Others close to the leadership point out that for the first year of Corbyn’s leadership, the leader’s office was more preoccupied with the struggle for survival than it was with getting more of its people in. Decisions in by-elections were taken on the hop and often in a way that led to problems later down the line. It made sense to keep Mo Azam, from the party’s left, off the shortlist in Oldham West when Labour MPs were worried for their own seats and about the Ukip effect if Labour selected a minority candidate. But that enraged the party’s minority politicians and led directly to the all-ethnic-minority shortlist in Manchester Gorton.

They also point out that the party's councillor base, from where many candidates are drawn, is still largely Corbynsceptic, though they hope that this will change in the next round of local government selections. (Councillors must go through a reselection process at every election.)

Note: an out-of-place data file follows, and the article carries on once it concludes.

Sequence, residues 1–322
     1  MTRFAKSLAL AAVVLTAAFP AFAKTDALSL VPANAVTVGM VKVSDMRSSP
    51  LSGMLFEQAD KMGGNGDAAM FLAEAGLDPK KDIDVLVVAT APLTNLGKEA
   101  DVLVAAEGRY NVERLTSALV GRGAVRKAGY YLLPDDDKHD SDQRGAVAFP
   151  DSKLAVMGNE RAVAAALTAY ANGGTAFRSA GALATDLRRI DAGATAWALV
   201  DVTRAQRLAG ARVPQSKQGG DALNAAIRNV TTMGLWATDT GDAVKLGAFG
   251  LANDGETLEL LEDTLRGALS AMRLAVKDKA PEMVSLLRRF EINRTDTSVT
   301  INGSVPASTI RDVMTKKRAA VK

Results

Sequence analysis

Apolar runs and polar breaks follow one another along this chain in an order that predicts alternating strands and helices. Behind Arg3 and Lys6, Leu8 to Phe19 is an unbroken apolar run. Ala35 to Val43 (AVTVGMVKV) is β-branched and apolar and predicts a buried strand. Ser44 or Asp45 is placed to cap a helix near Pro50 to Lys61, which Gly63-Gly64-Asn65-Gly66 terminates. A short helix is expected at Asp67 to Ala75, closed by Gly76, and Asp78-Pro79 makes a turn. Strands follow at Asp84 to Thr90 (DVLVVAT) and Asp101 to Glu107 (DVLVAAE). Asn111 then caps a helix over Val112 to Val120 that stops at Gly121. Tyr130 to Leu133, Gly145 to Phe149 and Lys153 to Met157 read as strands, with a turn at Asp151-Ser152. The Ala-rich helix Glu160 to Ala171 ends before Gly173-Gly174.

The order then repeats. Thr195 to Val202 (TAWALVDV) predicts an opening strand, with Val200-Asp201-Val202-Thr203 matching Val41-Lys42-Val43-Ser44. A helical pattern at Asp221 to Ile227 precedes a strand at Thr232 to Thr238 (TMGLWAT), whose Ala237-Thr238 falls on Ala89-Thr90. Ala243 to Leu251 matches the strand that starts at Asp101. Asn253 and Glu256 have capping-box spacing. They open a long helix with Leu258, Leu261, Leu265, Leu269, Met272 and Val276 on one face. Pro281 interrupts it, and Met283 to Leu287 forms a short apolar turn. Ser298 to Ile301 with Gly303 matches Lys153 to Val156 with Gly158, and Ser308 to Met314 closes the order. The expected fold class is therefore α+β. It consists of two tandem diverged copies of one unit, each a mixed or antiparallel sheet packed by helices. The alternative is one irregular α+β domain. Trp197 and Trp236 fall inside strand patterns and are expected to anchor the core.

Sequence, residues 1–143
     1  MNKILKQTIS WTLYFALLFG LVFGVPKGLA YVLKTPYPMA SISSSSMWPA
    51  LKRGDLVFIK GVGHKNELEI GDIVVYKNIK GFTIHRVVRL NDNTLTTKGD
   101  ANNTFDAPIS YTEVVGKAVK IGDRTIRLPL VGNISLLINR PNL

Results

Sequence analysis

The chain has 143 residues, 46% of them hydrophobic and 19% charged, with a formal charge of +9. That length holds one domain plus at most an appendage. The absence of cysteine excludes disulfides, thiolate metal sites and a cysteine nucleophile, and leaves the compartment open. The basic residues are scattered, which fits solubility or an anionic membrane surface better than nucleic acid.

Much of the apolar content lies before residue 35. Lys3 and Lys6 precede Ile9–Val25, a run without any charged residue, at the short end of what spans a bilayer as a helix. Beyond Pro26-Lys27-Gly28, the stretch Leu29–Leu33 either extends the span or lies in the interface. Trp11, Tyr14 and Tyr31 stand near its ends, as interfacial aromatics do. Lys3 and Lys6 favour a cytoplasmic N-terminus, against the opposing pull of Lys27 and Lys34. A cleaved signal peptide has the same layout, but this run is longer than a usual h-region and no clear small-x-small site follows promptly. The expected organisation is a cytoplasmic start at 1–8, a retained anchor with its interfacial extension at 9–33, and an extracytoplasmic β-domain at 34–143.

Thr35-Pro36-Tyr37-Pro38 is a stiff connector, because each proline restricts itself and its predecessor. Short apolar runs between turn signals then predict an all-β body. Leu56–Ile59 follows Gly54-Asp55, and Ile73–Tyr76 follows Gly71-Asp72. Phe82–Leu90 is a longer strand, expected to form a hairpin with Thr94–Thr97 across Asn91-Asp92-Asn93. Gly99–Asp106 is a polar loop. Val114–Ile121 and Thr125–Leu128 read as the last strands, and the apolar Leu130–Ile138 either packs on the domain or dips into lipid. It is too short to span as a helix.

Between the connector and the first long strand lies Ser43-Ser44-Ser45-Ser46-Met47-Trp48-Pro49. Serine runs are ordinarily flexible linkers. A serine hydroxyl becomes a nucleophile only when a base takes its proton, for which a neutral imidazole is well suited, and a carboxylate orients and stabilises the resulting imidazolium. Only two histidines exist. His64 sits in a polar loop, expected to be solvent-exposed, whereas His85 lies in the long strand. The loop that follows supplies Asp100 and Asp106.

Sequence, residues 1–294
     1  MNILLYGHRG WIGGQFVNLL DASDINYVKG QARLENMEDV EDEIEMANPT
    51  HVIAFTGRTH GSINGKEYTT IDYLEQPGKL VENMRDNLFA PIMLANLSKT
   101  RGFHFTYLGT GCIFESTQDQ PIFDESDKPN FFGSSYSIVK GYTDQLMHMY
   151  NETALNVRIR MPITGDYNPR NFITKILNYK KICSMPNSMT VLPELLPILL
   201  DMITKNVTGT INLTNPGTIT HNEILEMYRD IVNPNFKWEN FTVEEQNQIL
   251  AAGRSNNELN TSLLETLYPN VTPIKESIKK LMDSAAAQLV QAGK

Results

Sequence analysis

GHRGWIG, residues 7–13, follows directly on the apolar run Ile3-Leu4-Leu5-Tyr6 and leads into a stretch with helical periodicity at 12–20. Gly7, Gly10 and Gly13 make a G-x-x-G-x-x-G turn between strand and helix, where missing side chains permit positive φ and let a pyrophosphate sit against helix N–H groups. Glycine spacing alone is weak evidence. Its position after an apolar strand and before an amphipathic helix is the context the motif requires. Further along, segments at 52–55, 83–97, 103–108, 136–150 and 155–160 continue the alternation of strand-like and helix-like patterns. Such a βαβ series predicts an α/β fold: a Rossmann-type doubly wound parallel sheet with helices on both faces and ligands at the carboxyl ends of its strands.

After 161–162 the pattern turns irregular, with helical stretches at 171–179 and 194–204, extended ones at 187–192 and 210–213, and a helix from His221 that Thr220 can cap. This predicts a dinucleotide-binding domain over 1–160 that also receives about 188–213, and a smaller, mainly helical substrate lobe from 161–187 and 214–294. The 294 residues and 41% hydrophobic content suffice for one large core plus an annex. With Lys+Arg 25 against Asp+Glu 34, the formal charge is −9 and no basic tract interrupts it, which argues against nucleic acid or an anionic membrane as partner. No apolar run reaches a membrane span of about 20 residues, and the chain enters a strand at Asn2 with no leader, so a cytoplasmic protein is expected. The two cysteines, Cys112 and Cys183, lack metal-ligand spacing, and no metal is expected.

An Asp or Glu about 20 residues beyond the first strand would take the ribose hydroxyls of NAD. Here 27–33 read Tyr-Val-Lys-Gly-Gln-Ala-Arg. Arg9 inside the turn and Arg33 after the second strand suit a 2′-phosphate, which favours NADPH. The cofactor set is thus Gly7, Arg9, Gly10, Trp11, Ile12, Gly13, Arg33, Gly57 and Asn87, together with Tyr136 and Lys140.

But the biggest shift has very little to do with the Labour leadership. The big victories for the Labour left in internal battles under Ed Miliband were the result of Unite and the GMB working together. Now they are, for various reasons, at odds and the GMB has proven significantly better at working shortlists and campaigning for its members to become MPs.  That helps Corbynsceptics. “The reason why so many of the unions supported Jeremy the first time,” one senior Corbynite argues, “Is they wanted to move the Labour party a little bit to the left. They didn’t want a socialist transformation of the Labour party. And actually if you look at the people getting selected they are not Corbynites, but they are not Blairites either, and that’s what the unions wanted.”

Regardless of why, it means that, two years into Corbyn’s leadership, the Labour left finds itself smaller in parliament than it was at the beginning.  

Stephen Bush is special correspondent at the New Statesman. His daily briefing, Morning Call, provides a quick and essential guide to British politics.